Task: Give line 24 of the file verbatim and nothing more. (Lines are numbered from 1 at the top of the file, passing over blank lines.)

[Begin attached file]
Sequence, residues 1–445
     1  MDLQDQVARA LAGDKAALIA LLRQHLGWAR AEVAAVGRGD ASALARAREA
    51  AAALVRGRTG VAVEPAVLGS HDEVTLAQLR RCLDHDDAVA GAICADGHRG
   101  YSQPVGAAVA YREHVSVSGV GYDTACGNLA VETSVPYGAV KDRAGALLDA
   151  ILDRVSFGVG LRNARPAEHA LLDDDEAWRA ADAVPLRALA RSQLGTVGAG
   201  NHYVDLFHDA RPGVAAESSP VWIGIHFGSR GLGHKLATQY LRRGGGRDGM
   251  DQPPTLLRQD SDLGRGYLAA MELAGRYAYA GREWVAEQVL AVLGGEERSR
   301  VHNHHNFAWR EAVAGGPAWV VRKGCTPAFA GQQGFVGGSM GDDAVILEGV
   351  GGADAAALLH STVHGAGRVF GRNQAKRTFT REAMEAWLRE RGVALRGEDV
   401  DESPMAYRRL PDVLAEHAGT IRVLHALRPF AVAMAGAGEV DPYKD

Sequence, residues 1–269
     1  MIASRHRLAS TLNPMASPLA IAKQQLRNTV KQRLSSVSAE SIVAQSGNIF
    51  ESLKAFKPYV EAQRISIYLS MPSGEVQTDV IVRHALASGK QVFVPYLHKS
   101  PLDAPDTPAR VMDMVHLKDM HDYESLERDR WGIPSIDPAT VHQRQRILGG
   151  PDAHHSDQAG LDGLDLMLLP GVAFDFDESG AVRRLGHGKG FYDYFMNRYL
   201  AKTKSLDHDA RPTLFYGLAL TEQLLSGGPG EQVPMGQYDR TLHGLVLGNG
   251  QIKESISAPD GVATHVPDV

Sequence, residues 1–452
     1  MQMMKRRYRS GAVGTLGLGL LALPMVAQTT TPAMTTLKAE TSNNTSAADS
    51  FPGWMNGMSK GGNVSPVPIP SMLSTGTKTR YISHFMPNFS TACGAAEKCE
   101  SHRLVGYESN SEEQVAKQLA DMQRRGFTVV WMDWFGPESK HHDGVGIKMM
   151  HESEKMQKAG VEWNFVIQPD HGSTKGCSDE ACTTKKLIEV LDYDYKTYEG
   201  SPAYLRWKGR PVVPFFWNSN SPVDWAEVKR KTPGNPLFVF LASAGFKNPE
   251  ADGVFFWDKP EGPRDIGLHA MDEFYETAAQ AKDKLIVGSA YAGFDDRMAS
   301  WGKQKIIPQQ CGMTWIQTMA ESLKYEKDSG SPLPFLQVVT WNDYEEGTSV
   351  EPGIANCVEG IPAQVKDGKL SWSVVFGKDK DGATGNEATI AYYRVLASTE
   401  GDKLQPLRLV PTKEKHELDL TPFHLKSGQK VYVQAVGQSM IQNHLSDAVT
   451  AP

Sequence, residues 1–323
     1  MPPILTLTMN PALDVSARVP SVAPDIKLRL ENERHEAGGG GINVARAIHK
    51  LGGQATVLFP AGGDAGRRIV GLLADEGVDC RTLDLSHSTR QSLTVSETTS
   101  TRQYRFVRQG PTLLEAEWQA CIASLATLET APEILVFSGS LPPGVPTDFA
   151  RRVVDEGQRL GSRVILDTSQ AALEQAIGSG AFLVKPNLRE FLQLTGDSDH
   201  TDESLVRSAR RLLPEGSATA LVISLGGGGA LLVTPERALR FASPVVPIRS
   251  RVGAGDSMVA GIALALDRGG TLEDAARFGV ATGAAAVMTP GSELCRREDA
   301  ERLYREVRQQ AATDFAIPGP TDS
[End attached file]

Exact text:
   251  ADGVFFWDKP EGPRDIGLHA MDEFYETAAQ AKDKLIVGSA YAGFDDRMAS